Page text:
Black Box Looks To Maintain Double-Digit Growth While Bota Box, Other Challengers RiseMay 15, 2012
Premium boxed wine pioneer Black Box crossed 2 million cases in U.S. depletions last year, even as competition in the small but fast-growing boxed wine segment intensified. This year, Constellation-owned Black Box expects to maintain double-digit growth through new line extensions and packaging innovations.
The three-liter boxed wine segment that Black Box leads accounts for only 2% of the U.S. table wine sector, according to SymphonyIRI. But it’s one of the fastest growing areas of the market, up 27% in dollar sales and volume in the 52 weeks through mid-March. Black Box’s 11% increase to 2.1 million cases last year earned it an Impact “Hot Brand” award. But top competitor Bota Box—marketed by DFV Wines and also a “Hot Brand”—outpaced it, leaping 71% to 1.6 million cases. Three-liter boxed entries from The Wine Group’s Big House, Corbett Canyon and FishEye and Don Sebastiani & Sons’ Pepperwood Grove have also been rising quickly.
New product activity has abounded across the segment of late. Black Box recently unveiled a Moscato (from Mendoza, Argentina) and Sweet Red Blend (from California), aiming to capitalize on the two hottest wine styles in the market. Those entries join a Black Box portfolio whose top sellers are Cabernet Sauvignon (34% share of the brand’s sales) and Chardonnay (21% share). The fastest growing Black Box labels have been Malbec (up 67% in IRI channels in the year through mid-March) and Sauvignon Blanc (up 52%).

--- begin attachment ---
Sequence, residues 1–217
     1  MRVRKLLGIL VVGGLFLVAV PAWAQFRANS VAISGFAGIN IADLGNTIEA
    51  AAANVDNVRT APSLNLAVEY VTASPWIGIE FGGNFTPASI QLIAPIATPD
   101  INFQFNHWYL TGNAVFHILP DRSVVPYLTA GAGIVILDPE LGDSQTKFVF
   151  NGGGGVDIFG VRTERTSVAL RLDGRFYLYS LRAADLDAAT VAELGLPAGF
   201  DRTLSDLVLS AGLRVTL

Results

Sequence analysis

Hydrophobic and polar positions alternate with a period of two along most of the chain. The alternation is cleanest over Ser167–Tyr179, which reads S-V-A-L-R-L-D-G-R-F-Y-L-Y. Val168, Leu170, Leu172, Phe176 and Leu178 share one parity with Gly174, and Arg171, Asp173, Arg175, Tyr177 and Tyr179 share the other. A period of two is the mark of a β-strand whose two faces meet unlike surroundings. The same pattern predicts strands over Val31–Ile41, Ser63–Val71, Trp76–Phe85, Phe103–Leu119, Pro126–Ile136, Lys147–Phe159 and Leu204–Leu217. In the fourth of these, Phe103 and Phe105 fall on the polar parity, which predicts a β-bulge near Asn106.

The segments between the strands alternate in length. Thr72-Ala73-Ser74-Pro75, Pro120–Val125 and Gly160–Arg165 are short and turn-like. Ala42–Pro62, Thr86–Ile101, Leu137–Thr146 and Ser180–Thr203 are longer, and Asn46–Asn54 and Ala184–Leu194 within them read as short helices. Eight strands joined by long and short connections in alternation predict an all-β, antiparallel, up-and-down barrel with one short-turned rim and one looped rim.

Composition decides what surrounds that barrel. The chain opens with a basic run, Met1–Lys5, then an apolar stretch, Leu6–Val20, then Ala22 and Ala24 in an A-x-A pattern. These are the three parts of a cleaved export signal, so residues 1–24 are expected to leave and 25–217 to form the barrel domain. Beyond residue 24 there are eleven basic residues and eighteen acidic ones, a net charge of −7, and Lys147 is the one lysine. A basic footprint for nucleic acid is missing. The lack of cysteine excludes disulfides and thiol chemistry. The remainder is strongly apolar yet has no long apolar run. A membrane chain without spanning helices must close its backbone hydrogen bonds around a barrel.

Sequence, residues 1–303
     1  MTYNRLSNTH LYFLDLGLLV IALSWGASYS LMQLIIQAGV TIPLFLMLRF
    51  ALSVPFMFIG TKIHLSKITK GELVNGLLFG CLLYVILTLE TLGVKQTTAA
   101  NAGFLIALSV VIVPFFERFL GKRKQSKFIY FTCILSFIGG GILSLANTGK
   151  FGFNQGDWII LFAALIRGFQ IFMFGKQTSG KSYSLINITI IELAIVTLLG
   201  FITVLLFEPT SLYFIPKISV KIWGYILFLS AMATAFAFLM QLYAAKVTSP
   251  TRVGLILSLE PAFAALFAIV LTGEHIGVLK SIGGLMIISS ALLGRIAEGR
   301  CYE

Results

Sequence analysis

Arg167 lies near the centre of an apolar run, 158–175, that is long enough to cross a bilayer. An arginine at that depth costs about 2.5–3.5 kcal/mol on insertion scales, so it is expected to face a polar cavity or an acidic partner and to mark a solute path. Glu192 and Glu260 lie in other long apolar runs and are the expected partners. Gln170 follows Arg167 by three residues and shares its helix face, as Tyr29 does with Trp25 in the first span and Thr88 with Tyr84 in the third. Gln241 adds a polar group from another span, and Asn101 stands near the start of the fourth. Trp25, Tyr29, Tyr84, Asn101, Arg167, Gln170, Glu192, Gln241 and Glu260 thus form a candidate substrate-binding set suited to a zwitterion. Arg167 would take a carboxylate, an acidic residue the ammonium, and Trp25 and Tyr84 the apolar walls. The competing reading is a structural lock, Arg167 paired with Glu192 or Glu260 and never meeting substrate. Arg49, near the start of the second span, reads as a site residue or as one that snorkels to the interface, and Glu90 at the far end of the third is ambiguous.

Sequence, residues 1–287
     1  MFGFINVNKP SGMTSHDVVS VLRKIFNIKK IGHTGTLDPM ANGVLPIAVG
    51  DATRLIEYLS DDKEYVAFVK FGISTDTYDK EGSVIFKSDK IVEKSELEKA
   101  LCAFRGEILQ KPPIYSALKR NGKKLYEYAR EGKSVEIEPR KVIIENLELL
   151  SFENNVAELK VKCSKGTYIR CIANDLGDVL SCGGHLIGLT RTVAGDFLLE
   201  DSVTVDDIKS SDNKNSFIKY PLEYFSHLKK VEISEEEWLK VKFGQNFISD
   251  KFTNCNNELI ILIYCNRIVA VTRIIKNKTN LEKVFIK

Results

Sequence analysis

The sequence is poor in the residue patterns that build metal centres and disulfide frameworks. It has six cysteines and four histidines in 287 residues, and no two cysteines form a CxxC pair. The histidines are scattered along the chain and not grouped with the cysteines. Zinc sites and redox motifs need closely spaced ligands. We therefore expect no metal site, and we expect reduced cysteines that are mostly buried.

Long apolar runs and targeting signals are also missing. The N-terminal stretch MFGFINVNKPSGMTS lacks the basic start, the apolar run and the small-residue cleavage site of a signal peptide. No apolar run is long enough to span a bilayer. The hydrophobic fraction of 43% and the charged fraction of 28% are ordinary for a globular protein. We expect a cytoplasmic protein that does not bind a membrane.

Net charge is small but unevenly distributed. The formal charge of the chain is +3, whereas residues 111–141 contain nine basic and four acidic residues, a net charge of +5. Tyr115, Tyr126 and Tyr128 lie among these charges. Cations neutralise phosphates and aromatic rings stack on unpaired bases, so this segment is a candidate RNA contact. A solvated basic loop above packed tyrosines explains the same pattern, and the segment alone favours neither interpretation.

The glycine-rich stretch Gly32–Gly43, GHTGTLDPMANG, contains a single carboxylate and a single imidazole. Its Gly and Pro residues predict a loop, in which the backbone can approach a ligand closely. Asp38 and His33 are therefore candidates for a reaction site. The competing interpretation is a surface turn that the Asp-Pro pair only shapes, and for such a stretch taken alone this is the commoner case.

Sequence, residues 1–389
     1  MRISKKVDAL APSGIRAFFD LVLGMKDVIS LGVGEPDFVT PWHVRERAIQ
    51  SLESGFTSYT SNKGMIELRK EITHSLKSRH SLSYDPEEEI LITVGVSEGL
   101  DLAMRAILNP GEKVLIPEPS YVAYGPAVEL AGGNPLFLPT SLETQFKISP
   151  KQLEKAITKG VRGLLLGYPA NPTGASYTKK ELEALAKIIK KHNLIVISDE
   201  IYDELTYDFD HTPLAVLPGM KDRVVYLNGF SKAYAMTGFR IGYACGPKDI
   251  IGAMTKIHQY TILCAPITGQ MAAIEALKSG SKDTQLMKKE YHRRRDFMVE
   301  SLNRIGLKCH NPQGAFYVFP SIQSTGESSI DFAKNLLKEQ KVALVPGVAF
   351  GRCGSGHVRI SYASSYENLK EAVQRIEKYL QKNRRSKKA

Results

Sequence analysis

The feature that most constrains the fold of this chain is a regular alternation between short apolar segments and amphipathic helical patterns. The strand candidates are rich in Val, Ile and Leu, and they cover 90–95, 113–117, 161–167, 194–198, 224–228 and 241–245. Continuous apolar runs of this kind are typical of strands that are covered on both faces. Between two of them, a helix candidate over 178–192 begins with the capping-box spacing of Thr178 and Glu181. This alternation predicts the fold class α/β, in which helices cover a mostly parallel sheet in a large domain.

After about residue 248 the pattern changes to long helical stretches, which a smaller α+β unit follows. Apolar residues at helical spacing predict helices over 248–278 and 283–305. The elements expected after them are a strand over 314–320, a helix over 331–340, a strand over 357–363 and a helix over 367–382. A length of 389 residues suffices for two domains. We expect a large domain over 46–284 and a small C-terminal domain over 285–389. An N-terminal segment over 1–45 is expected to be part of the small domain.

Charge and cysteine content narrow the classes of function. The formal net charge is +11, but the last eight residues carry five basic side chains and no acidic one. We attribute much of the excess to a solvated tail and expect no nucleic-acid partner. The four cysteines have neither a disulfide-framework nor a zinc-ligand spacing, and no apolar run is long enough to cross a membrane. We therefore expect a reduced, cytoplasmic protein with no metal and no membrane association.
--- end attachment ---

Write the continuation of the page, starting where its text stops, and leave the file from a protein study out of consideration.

Black Box has commanded the highest prices in its segment since launching in 2002, says the brand’s marketing director Kim Moore, averaging $20.36 a three-liter box in 2011 compared to a category average of $18.40.
Late last year, Black Box debuted 500-ml. Tetra Paks ($4.99 each) of its Chardonnay, Merlot and Cabernet Sauvignon, with a Pinot Grigio rolling out later this year. Bota Box has also released similarly priced 500-ml. Tetra Paks over the past year, as well as Malbec and red blend line extensions.
Boxed wines’ longevity after opening—they stay fresh up to four weeks—can offer cost efficiencies for bars and restaurants. But the on-premise remains a tiny portion of the mix for both Black Box and Bota Box, which currently does only around 4% of its business in the channel, according to John Garaventa, DFV Wines senior vice president, value brands. Garaventa and Black Box’s Moore both see on-premise opportunities for the future. “We expect to see upward trending in demand for boxed wines on-premise,” Moore says.